“Some say that home cooking is doomed, but I am convinced that the golden age of home cooking is yet to come…In this world of screens and anxiety, to talk about cooking feels like something that is real and honest and good.”
Bee Wilson, The Secrets of Cooking
Five years ago I wrote How (and why) to Start a Cookbook Club. It was a response to the questions I was frequently asked about my newly organized group here in Halifax, a sort of dinner-club-slash-book-club.
I’m thrilled to say that we are still going strong, with many of our original members, and several delightful new additions. We’ve weathered the pandemic, battled busy schedules and worked through waning interest to keep the club fresh and interesting.
In this day and age of flagging attention spans and social isolation, I’m proud that this in-person gathering of cookbook aficionados has lasted for five years. And we’re going strong, sitting at ten members, excited for a new year of connecting over food and cookbooks.
Sharing the secrets to a successful cookbook club feels a little dramatic, but they truly have helped our group to flourish.
Secrets to a Successful Cookbook Club
How do I define a successful cookbook club? When gatherings are easy and not forced. When each meet-up is better than the last. When we can create a safe space to laugh and cry, share and be authentically ourselves. When our little community of food geeks can thrive and support each other (and authors!). Oh yeah, and there’s really, really freaking fantastic food.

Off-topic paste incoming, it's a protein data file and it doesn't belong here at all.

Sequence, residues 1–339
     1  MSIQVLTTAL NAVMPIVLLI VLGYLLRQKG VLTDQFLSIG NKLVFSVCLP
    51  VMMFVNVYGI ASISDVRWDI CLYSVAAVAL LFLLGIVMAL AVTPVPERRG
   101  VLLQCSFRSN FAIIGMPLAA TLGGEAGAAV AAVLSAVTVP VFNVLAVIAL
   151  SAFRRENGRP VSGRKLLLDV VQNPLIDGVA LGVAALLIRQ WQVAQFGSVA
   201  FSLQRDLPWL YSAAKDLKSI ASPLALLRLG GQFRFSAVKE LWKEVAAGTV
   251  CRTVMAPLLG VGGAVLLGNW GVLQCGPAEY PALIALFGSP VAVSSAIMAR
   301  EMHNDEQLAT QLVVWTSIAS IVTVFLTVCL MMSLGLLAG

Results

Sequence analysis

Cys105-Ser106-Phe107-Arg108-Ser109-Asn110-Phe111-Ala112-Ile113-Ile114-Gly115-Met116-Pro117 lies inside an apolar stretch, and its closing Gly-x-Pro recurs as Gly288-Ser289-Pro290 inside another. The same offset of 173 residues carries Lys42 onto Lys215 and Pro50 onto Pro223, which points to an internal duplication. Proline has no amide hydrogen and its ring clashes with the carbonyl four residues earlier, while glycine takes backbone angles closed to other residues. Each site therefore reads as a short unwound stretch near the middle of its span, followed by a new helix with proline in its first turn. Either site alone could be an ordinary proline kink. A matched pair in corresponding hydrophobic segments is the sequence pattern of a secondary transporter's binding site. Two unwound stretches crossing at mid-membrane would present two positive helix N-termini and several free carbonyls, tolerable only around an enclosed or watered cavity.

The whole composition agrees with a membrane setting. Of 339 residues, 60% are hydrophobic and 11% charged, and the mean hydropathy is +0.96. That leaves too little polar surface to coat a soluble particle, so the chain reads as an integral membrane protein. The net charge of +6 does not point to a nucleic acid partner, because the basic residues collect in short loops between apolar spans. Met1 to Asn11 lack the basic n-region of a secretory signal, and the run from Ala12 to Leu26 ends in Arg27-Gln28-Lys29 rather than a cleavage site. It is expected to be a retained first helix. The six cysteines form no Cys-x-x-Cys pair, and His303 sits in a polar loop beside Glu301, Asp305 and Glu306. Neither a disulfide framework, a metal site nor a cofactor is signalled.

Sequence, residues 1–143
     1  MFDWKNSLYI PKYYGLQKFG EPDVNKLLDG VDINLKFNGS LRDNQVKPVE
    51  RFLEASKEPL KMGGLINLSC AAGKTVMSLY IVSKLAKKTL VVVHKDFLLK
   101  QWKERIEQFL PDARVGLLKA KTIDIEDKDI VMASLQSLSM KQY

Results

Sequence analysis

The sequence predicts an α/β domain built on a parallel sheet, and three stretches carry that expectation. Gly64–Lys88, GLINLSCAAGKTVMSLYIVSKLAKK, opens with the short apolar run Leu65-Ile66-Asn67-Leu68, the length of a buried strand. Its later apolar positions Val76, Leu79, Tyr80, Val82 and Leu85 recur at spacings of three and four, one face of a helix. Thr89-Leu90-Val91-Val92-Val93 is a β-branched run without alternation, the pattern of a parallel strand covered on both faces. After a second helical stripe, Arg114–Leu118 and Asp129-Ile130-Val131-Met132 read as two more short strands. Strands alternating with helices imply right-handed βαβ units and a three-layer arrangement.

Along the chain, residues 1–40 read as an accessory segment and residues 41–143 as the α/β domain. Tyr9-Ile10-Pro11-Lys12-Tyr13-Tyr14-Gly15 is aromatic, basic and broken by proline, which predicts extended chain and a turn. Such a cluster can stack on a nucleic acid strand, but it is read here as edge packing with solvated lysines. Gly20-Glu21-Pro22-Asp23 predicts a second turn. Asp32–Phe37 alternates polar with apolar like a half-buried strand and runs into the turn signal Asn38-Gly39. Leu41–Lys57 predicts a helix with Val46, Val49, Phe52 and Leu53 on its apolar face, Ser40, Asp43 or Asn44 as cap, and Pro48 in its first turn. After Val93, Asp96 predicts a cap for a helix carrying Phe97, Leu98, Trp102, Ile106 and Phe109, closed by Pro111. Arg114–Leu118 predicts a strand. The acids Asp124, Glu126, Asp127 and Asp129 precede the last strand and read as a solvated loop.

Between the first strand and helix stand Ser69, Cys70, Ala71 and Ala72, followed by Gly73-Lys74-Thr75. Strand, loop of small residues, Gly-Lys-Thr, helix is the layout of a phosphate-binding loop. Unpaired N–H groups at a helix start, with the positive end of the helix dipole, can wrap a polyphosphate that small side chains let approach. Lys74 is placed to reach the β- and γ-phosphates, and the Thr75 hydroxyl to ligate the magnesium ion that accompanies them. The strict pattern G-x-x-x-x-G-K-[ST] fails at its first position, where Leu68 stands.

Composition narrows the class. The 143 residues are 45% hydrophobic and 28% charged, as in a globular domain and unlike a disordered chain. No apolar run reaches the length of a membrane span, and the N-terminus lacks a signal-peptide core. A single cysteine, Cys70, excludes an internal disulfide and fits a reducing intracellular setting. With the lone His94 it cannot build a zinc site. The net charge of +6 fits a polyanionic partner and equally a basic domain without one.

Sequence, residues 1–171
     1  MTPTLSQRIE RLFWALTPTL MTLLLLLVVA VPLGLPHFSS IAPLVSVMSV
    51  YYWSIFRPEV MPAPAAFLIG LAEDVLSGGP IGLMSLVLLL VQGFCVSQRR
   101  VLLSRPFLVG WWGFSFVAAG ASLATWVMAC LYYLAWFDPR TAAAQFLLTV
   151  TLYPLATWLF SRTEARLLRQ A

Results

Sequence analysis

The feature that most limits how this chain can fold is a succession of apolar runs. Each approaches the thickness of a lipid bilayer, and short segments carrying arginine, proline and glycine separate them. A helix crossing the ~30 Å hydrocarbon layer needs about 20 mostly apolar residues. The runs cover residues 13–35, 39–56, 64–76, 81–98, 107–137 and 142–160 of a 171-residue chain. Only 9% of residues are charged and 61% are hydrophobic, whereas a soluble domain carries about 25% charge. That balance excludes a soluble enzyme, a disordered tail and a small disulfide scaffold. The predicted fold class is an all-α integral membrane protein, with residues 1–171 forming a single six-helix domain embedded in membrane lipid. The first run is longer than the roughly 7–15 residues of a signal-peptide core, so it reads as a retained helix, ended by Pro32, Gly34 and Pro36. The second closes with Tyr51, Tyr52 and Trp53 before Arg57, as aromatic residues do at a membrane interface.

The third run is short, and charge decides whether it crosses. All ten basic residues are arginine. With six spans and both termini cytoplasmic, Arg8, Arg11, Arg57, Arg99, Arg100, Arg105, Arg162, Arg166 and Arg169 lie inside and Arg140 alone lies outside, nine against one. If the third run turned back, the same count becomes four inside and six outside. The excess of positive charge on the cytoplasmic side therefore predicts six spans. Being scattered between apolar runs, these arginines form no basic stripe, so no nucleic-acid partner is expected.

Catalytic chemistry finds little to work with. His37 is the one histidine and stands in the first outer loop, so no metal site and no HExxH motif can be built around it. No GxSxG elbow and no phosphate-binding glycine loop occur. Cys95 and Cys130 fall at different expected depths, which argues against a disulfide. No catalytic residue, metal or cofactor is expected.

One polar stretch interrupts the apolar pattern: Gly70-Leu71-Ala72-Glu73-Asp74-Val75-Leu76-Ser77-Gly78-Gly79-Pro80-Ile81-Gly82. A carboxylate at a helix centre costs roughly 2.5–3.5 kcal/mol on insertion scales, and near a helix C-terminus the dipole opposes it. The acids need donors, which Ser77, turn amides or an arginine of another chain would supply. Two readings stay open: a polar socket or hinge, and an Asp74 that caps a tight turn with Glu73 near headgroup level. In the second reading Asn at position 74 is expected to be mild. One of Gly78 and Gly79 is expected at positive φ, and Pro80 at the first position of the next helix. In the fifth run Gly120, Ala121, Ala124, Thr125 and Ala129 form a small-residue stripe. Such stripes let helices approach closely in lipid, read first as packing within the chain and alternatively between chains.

Below I’ll share what has worked (and what hasn’t) for our group over the past five years. If you’re looking to launch a cookbook club as soon as possible, read my post on how to get started.
I feel like this is the most important secret. Soft skills like Adaptability and Communication go a long way when planning how and when we will get together.
We don’t plan too far in the future and we don’t plan in detail. While gathered around the table at one event, we’ll toss out ideas for the next. A member will offer to host and we’ll decide on a theme/book/author.
We’ll take into consideration current events (holidays, summer break, wildfires…) as we set a date. In the lead up, there’s freedom to check in with the host…and check out, so to speak.
No bandwidth to host and cook? We’ve skipped that part and just gathered for a cocktail and snacks at a restaurant instead. We all still benefit from that cherished face time around a table with each other.
When we launched the cookbook club, we all cooked from the same book, brought dishes to share and discussed the author. Since we were all getting to know one another back then, it was helpful to have that structure.
As the years went on, we needed to bust out of that mold. Here’s to do that:
- Open up to Themes. Example: Lunar New year (cook from your favourite dim sum cookbook) or a holiday (bake your favourite Christmas cookie)
- Open up to Genres: Example: cook from a plant-based author who inspires you or share sweet treat from a baking book.